Self-taught as a guitarist, Gismonti returned to Brazil and began designing guitars with more than the usual six strings, expanding the possibilities of the instrument. “Approaching the fretboard as if it were a keyboard, Gismonti gives the impression that there is more than a single guitar player.” This recent photograph of him shows him playing his ten-string guitar.

Gismonti's sojourn in the Xingu region of the Amazon basin made a lasting impression. “Brazilian culture,” he says, “is the basic fountain or source that drives my music.”

“Gismonti is one of those musicians that is at one and the same time a shining light in the music of one particular country, and the music of a totally original human being who defies nationalistic categorisation,” guitarist Derek Gripper writes of his experience with the composer's music. “In many respects his music is quintessentially Brazilian, but at the same time it reaches so much further than the music of one nation or history possibly could. ...He just showed me what music could be.”

Jacob do Bandolim was born Jacob Pick Bittencourt in 1918. Like many Brazilians a mix of ethnic and religious heritages, he decided to adopt the stage-name “Jacob the Mandolin” after his preferred instrument. He considered music his full-time job but had various day-jobs to support himself and his band, as a pharmacist, an insurance salesman, finally a notary public.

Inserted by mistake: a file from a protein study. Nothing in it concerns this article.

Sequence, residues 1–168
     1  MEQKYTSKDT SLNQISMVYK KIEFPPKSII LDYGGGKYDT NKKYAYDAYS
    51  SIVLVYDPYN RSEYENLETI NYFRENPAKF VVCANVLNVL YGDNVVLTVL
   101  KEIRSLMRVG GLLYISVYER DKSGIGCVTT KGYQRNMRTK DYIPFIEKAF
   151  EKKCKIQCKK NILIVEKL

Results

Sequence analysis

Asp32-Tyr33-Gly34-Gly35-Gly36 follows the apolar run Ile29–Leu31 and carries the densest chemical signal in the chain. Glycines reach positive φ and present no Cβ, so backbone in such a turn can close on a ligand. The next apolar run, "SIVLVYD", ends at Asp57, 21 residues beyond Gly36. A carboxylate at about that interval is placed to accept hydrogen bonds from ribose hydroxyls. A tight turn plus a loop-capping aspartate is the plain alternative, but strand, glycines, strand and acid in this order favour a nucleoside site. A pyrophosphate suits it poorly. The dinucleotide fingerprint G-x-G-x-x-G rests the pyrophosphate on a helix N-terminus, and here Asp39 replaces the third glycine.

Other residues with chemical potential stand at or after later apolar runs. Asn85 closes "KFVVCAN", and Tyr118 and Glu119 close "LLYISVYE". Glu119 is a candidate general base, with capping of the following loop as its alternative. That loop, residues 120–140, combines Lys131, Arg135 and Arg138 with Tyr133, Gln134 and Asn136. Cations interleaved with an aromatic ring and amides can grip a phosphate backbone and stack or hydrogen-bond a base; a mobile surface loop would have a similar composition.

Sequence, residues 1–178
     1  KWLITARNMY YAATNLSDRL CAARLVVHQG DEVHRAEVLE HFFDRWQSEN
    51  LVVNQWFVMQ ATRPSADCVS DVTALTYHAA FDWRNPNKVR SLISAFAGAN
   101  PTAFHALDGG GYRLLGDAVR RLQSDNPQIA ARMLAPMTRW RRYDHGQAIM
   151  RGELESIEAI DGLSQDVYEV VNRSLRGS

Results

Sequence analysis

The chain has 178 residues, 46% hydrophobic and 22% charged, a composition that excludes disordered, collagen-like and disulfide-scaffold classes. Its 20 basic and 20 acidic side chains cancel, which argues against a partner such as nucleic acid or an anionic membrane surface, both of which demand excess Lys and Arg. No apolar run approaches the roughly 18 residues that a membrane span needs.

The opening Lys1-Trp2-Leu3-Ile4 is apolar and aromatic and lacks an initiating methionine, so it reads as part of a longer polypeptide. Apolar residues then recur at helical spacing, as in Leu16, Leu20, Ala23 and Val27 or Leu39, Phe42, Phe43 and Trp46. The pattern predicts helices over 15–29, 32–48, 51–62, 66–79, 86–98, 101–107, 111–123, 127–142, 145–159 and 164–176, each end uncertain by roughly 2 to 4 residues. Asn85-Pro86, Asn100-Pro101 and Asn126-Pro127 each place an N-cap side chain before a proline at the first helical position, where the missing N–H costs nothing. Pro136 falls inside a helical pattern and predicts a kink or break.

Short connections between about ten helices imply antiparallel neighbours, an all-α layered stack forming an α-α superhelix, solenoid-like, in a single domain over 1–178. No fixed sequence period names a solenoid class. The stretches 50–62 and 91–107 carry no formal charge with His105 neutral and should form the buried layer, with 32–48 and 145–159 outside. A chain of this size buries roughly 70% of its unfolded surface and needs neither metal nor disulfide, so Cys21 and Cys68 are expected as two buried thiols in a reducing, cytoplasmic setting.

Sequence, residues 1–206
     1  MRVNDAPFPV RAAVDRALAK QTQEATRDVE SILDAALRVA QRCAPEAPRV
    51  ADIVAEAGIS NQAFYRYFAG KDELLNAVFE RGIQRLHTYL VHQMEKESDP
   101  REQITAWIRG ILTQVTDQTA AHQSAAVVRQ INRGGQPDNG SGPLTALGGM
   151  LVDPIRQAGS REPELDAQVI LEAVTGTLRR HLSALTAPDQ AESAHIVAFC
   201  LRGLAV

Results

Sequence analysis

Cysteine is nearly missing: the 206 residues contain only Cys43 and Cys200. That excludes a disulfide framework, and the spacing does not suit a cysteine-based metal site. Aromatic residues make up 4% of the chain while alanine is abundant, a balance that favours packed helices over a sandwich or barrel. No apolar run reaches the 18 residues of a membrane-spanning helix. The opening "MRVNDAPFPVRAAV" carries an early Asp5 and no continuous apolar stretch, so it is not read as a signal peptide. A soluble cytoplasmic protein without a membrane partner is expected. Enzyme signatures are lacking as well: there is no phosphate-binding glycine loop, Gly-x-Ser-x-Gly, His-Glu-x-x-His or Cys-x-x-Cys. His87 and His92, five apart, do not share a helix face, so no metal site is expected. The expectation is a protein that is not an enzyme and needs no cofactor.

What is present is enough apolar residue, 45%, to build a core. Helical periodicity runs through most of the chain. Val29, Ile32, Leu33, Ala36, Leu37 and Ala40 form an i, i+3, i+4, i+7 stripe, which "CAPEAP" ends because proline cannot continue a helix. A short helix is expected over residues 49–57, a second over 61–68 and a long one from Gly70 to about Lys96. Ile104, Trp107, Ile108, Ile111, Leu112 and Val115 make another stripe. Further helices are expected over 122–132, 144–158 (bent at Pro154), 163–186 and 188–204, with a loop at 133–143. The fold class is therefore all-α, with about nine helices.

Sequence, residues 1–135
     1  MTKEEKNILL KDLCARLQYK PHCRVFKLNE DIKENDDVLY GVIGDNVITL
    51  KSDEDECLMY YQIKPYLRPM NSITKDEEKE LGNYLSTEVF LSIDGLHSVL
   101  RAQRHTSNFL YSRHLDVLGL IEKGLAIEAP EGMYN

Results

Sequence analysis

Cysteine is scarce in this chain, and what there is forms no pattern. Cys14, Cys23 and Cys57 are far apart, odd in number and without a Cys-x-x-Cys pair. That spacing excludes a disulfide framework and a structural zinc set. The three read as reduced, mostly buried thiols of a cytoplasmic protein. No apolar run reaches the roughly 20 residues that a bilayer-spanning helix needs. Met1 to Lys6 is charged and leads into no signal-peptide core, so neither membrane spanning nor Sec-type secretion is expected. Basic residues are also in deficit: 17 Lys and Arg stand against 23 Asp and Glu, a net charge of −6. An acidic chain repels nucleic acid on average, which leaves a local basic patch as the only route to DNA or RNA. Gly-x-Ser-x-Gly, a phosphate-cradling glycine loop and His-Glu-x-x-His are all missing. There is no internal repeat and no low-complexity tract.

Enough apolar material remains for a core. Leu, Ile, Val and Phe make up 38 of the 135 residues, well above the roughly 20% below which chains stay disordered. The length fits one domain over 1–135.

As a composer, he is best known for his many choros – a chôro (pronounced SHO-ru) is an often lively dance despite the name meaning “cry” or “weeping.” North American audiences might be more familiar with the term from the dozen written in the 1920s by Brazilian composer, Heitor Villa-Lobos for various combinations of instruments, from the first one for solo guitar to the ninth, for full orchestra.

Borrowing influences from various ethnic backgrounds in Brazil – African and European as well as indigenous – it became the first internationally known form of Brazilian “urban popular music” and was adopted by “serious” classically-trained composers – which I guess means that pop musicians are not serious about their music – much in the same way Brahms incorporated the gypsy music of Hungary in his Hungarian Dances or the finales of many of his works like the Violin Concerto or the Piano Quartet No. 1 – or, for that matter, Chopin wrote mazurkas, based on a lively Polish folk-dance, beloved of the elegant salons of Paris.